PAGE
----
Figure out what matters most to you. For me and my bf, it's being sanitary. We can let the closet doors stay open and the packing boxes clutter up the living room until one of us breaks them down for recycling. The floor gets vacuumed once every couple of weeks? We are lax on these things, and that's how it works for us.

But the dishes get washed regularly, the counters are wiped down, and the fridge is kept closed and everything that's not eaten before it goes bad gets tossed. The toilet seat is left down, trash is disposed of in proper containers, and we're both trying to get better about hosting parties and inviting people over so we're enticed to keep things at least baseline tidy.

We're also very nice to each other and try to divide tasks according to who hates them least. I cook because I love it. He folds laundry because he's better about doing that sort of chore in front of the TV whereas it just gives me hives. We both take lead on dishes and other chores on our days off.

But you've got to talk about these things, and you've got to compromise.
posted by PearlRose at 6:16 AM on May 28, 2014 [13 favorites]

It sort of sounds like you don't really want to live with him. Those are all minor things people compromise on.

He washed the kitchen floor twice in three weeks? Jeez, I'd be pretty psyched if somebody washed my floors twice in three weeks.
posted by A Terrible Llama at 6:17 AM on May 28, 2014 [74 favorites]

I'm with you on the toilet seat and chores thing, as well as the corresponding "ugh" tag because seriously ugh can you please just live like a human being? But the rest of it is, unfortunately, personal preference and in order to have a functioning relationship with someone you respect and who respects you, you will need to learn to compromise.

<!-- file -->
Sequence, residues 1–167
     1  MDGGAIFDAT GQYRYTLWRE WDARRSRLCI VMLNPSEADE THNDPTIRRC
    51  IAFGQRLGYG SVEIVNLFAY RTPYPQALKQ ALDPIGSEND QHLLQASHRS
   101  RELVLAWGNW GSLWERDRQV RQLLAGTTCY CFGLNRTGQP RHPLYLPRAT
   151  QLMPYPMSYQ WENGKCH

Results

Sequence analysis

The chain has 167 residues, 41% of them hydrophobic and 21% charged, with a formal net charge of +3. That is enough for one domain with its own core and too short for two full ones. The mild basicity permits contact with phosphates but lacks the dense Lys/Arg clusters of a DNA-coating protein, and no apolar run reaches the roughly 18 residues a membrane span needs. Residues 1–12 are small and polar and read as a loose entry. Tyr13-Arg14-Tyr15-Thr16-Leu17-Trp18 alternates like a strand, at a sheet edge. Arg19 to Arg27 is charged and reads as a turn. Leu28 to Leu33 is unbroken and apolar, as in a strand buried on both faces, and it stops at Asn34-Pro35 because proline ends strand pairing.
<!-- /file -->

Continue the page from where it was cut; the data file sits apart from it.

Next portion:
It is difficult in these situations where one person moves in to the already established residence of the other because it's YOUR home with YOUR stuff that you like having in YOUR way. You expect him to change all of his usual ways without realizing that you too need to change, to change your expectations from YOUR OWN home to YOUR SHARED home.

I agree that it sounds like you are not ready to live together and that he should find his own place. Another possibility is to find a brand new place in which the two of you will live as equal partners.
posted by elizardbits at 6:17 AM on May 28, 2014 [8 favorites]

"Small things to ask for, right?"

well yes, but 100 small things = 1 humongous thing.

You're not being reasonable. Pick your battles, if you really must, and concentrate on 1 or 2 things - ignore the rest for now.
posted by I_read_somewhere_that_. . . at 6:18 AM on May 28, 2014 [10 favorites]

Cleanliness ± Godliness, depending on your decisions.

Here, you've developed some specific rules that seem to equate to Godliness, in your eyes. But seriously, the descriptions aren't of filth, just of disorganization. It's fine to ask your husband to remember to put the seat down, but leaving notes with rules for him to follow is a little overly elevated for a request to push in chairs at the table.

I have a 4-year old, and I don't even treat her like that. We do have the same rule as you about pushing in a chair, but if she forgets (or I do, or my husband does), we are all respectful in our reminders.